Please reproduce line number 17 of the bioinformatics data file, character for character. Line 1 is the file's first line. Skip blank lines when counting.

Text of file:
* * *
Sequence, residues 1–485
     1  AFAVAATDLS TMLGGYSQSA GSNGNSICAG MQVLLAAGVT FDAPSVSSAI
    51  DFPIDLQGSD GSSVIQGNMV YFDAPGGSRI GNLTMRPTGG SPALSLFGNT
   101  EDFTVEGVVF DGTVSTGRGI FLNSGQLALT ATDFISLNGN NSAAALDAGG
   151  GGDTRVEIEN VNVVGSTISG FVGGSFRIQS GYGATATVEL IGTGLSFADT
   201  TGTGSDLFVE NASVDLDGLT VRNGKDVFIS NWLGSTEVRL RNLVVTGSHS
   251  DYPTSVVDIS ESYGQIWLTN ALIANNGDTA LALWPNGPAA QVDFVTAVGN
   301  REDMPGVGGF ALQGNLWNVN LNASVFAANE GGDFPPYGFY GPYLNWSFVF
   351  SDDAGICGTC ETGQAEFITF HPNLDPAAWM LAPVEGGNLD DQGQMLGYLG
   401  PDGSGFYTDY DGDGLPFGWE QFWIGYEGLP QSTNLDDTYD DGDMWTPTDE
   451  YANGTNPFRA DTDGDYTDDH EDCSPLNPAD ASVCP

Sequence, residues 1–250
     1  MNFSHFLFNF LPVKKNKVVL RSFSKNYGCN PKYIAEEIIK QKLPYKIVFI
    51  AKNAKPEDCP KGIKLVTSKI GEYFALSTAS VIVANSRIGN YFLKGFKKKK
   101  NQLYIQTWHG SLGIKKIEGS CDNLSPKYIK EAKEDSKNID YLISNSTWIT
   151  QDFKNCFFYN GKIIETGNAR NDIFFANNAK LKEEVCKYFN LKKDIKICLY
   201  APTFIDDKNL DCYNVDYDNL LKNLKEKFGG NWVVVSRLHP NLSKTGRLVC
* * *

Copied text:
   201  APTFIDDKNL DCYNVDYDNL LKNLKEKFGG NWVVVSRLHP NLSKTGRLVC